With public confidence in politics, the media, the banks, the legal system, the police, and big business all in rapid, and for the most part deserved, decline, perhaps the time has come to do more to celebrate the heroes on whom all that is best in modern life depends: the entrepreneurs.
The management theorist Peter Drucker defined entrepreneurship as transferring resources, including time, capital, labour, money, and knowledge from a lower to a higher state of productivity.
In other words, human and natural resources would achieve nothing unless someone had the enterprise to put them to good use. They would lie idle. Mankind would not have progressed beyond the caves without the initiative of the relatively few individuals willing to take risks and try new things. So entrepreneurs are behind every real advance in human civilisation. They were not necessarily the people who had original ideas. They were the people who put those ideas into practice, which may be more important.
Should any complain that some entrepreneurs are very well rewarded for that, they should note that we have committed ourselves to be rewarded only in direct proportion to our providing for the needs and desires of others, no more, no less. If we fail to serve those needs and desires, we fail to sell our products and services, and we get nothing.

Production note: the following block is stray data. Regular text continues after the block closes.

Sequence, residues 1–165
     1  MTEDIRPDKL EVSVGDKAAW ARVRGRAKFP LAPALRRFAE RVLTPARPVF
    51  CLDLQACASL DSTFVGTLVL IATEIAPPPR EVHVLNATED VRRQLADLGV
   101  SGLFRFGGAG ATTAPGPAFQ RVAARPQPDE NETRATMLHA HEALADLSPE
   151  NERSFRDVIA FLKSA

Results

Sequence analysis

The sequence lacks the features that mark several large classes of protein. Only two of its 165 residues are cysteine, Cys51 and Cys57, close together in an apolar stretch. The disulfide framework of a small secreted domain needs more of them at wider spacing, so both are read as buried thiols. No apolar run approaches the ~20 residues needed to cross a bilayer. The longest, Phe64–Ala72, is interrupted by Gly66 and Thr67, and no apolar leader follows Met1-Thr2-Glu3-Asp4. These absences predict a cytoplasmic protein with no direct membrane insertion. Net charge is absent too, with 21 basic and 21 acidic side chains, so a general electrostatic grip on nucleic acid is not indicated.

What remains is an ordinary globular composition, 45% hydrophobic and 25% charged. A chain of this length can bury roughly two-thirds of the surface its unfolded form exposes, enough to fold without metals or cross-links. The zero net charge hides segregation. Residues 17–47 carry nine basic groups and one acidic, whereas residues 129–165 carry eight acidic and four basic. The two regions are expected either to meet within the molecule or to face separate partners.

If we succeed, it means other people consider what we provide is useful to them. The principle that control of resources should go to those who have done most to meet the needs and desires of others seems morally right, as well as the most efficient way to organise an economy. It is a democratic principle: people vote with their wallets. Certainly it is a more democratic, efficient, and moral system than any of the alternatives that have been offered.
Finally, in a world divided by ideology, ignorance, egotism, greed, and the misuse of religion, doing business is one of the few things that can bring members of different branches of our diverse species together for their common good.
King Edward VI once provided a Company of Merchant Adventurers who were exploring unknown lands with a letter of introduction. In it, he wrote, “Of all men, the merchant is most deserving; for God, in providing for mankind, ordained that all his needs should not be found in any single region, in order that each region should have need of others, and friendship thus be established among all men.”